I often think that the loss of the works of Democritus in their entirety is the greatest intellectual tragedy to ensue from the collapse of the old classical civilisation.
So wrote Carlo Rovelli in his wonderful exploration of quantum gravity Reality Is Not What It Seems which is, of course, a very modern theme currently being explored in-depth, based upon the thoughts and works of such men as Democritus who lived thousands of years ago, and whose knowledge, compiled into wisdom, could have created a completely different future had they not been destroyed through the ravages of time and man. We, however, are working back to what Democritus knew, compiling our own knowledge base, our own fountain of wisdom, and creating a modern world of our choosing. So I think we can leave worries about you not living up to the ancient meaning of your name, and move on to the modern possibilities which lie open before you, even if we are taking advantage of some of those means of communication beloved of our ancestors which we, in a time of overriding technology and a need for ever greater speed, find work far better than anything else. Admittedly, writing letters and sending them through the post is not the quickest means of learning, of getting to know someone else, but it is a system which has been proven through the depths of time, from thousands of years ago right through to today. Our letters still make the same journey as they did in the times of the Roman Empire, of the Renaissance, of Victorian era writers, just a little bit quicker.
But speed is not everything, otherwise we would all have turned in our quills and reams of paper and succumbed to the mind-numbing monotony of the internet, of Facebook and WhatsApp and various other messaging services with their set templates and the need to use emojis and emoticons to express thoughts and feelings where the limited number of characters allowed, affordable in some cases, cuts us back both in our creativity of expression, and in our ability to voice the thoughts swelling up inside our heads. Where longing and love cannot be played out as they deserve, and intelligence, the powers of the intellect, disappear in a forced need to be short and to the point.
I was born in London, many decades ago – I like to say that it was not just in the last century that I was born, but in the last millennium – during a time when books and letter writing were still a thing, and where the television had not yet managed to exert its hold over the population. We were expected to write thank you letters – not notes – after opening our birthday and Christmas presents. Invitations to a party, to a gathering, a talk or debate came through the post. We had English lessons in school designed to assist us with formulating correct sentences according to the rules of the English language, with the proper method of writing a letter home, with quotations and civility. Books were there to be borrowed from the library, opened and read page for page, then returned and replaced with a new title. Telephones were on hand in case of emergency.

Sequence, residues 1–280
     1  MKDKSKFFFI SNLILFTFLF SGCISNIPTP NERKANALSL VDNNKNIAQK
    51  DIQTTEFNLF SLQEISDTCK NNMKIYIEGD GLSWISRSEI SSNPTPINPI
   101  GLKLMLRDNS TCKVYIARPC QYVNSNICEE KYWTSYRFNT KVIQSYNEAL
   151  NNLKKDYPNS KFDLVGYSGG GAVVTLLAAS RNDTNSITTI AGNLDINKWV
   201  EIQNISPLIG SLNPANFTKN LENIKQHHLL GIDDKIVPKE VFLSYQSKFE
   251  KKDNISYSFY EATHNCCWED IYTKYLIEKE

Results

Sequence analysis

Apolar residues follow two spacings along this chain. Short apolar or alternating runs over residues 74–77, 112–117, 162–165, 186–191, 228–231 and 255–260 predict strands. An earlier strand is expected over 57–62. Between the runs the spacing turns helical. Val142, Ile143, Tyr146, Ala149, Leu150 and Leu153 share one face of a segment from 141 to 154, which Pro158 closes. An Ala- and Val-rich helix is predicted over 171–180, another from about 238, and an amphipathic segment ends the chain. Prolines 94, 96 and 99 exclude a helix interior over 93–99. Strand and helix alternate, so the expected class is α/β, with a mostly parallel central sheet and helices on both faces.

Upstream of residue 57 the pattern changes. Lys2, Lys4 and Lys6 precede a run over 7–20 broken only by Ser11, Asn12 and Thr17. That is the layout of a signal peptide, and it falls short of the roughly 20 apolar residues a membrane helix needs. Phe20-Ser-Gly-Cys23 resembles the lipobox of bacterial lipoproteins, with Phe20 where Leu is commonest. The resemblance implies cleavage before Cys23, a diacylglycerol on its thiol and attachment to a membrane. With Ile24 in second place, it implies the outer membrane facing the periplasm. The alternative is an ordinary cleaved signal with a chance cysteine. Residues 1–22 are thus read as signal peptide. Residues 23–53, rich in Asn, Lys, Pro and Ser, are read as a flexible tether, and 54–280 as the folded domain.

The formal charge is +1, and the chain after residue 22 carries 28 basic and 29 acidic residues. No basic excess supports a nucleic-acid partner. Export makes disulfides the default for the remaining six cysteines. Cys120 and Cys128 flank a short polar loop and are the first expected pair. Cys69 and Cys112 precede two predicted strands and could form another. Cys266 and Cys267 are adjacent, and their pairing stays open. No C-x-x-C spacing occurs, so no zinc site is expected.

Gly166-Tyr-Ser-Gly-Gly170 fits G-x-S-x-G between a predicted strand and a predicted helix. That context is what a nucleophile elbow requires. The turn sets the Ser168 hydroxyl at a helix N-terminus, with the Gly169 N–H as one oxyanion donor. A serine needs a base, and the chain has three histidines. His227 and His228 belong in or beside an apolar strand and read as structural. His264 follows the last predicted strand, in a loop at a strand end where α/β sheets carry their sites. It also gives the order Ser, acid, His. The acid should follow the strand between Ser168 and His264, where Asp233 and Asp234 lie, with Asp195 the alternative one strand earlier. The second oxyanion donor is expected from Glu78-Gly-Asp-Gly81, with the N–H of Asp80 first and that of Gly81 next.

Perhaps I am one of those people who didn’t grow up, who decided to keep the best of the old and ignore the ease of the new. I could never accept this idea that the art of letter writing, of reading a book printed on paper, of talking to another person face-to-face had become old-fashioned and undesirable. When I went to a museum or an art gallery, it was to look at the exhibits, and not check my timeline to see whether anyone had uploaded a photograph of the very works of art I had all around me so that, keen to be one of the in people, I could simply Like it and move on. You, tucked away in your own closed society, can now see the advantages of what is, for me, normal. The question is, are you prepared to take advantage of this chance?
I do not doubt that many people have written to you, that you have a wealth of admirers – even with their very first letter – pestering your with details of the wonderful lives, making offers for the future where the future is as a pair. I don’t have any of that. I am content in the knowledge that we will probably never meet, that I will be here in Germany following my daily routines while you remain in the United States and begin your life anew. I am content with the idea that friendship can be built up through the written word – I have proven it many times – and be just as fulfilling as a non-platonic relationship. And I also have the knowledge that, living here, I can offer anyone who takes the chance, who accepts what is a massive challenge, and writes back to me, an insight into a different world which will stretch over many years, if not decades into the future. Friendship and letter writing, going hand in hand, are not just for a day like a puppy at Christmas, they are for life. And I don’t just writer about Greek goddesses and the ways of classical thinkers, of times past and the Golden Age of imagined childhood, but also about modern times; about living in Europe; about travelling across the world; about literature and history, loves and life.
“The only way to learn to paint […] is to take a studio, hire a model, and just fight it out for yourself.”
Anyone can take Somerset Maugham’s words – from Of Human Bondage – and translate them to something else such as, in this case, forming a friendship through letter writing. The only way to find out what else there is, to delve into the depths of another person’s mind and explore their knowledge, their experiences, their lifestyle, is to take a pen and paper, and fight / find it out for yourself.